Interestingly, both of these strategies resulted in more accurate segmentation of the speech stream; thus, it may be that learners who adopt a strategy of sampling more broadly from their environment (a common feature of both scenarios described above) are more successful learners. This explanation is consistent with probabilistic (e.g., Bayesian) models of speech segmentation, in which the learner inductively evaluates and updates hypotheses based on the fit between prior expectations and what is observed (Goldwater et al., 2009; see also, Griffiths et al., 2010). In this view, the learner identifies a sample segment of syllables and then updates the conditional probability (i.e., the posterior distribution) that the sample is a word following additional input. The accuracy of this online sampling process has been shown to be impacted by resource limitations, such as memory capacity (Frank et al., 2010), suggesting that the ability to sample more information may facilitate segmentation. It is important to note that since eye-gaze is an online measure and segmentation was measured oﬄine following familiarization, our results only provide indirect evidence of the relationship between gaze behavior and segmentation. Future research may be able to assess both eye-gaze and learning through online measures. For example, tracking eye movements while also recording EEGs, which have been used to assess learning in real time (e.g., Sanders et al., 2002; de Diego Balaguer et al., 2007), would provide direct evidence of whether changes in gaze strategy correspond to learning.
Our results further underscore the importance of the visual component of speech in mechanisms supporting language acquisition. As first demonstrated by Mitchel and Weiss (2014) and replicated here, visual speech provides independent cues to speech segmentation, beyond the cues provided by the auditory speech stream. This builds on research illustrating that visual information enhances learning during auditory speech segmentation (e.g., Hollich et al., 2005; Cunillera et al., 2010; Mitchel and Weiss, 2010; Thiessen, 2010; Mitchel et al., 2014), and highlights the importance of multisensory associations during an early, fundamental component of language acquisition. Similarly, faces play an important role in many other components of language acquisition (e.g., Bertelson et al., 2003; Patterson and Werker, 2003; Weikum et al., 2007; Teinonen et al., 2008; Mani and Schneider, 2013) and there is evidence that adults alter their facial gestures to enhance linguistic cues in visual speech (Green et al., 2010). Consistent with claims that speech may be fundamentally audiovisual (Rosenblum, 2008) and that sensory learning mechanisms, more generally, may have evolved to operate optimally over multisensory input (Shams and Seitz, 2008), the present study suggests that the language learning environment is similarly multimodal. Furthermore, our results support the emerging view that mechanisms for implicitly extracting structure from linguistic input are not fully constrained by sensory modality (Conway and Christiansen, 2005), but are instead prone to cross-modal interactions (Mitchel and Weiss, 2011) and associative integration (Mitchel et al., 2014; see also Frost et al., 2015).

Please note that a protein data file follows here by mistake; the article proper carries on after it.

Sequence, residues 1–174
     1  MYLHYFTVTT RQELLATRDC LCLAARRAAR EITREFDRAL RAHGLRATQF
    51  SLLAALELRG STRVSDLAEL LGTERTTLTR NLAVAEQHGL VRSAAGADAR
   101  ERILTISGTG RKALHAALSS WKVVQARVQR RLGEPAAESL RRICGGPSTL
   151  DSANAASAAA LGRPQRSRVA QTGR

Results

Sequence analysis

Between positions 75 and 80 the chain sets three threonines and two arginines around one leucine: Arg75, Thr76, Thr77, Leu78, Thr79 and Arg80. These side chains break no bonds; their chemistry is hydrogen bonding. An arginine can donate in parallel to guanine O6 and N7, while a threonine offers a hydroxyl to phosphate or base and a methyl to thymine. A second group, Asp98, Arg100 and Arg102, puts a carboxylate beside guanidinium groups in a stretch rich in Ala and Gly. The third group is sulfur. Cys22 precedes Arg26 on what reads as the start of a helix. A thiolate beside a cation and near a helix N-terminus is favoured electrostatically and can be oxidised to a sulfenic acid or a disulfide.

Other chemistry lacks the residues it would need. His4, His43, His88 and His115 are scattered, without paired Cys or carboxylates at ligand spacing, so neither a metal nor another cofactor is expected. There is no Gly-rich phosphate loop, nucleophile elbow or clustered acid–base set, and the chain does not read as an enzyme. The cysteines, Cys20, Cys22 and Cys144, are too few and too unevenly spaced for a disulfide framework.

It is important to note that in the present study, we did not gage attention during the passive listening familiarization in the audio-only condition. Thus, unlike in the audiovisual condition, we cannot be certain that participants were actively attending to the audio stream. We consequently cannot preclude the possibility that the greater performance in the audiovisual condition was due to a difference in participants’ attention between conditions. However, previous research suggests that auditory speech segmentation can occur in the absence of focused attention (i.e., passive listening, see Toro et al., 2005) and even in the presence of a low attentional load cover task (e.g., Saffran et al., 1997). It is only when the distracting cover task constitutes a high attentional load that segmentation is impeded (Toro et al., 2005). Moreover, Mitchel and Weiss (2014) ruled out attention as an explanation for the difference in learning in the audiovisual aware and audio-only conditions by testing an additional audiovisual condition in which the visual display was uninformative (“audiovisual misinformed”). Participants’ segmentation performance was not significantly different in the audio-only and audiovisual misinformed conditions, suggesting that the significantly greater segmentation in the audiovisual aware condition (identical to the one used in the present study) was not merely a function of increased attention to a facial display. Thus, although we did not directly measure participants’ attention with a cover task, as has been used in some visual statistical learning studies (Bertels et al., 2012), it is unlikely that the difference in segmentation performance between audio-only and audiovisual conditions can be solely attributed to a discrepancy in attention.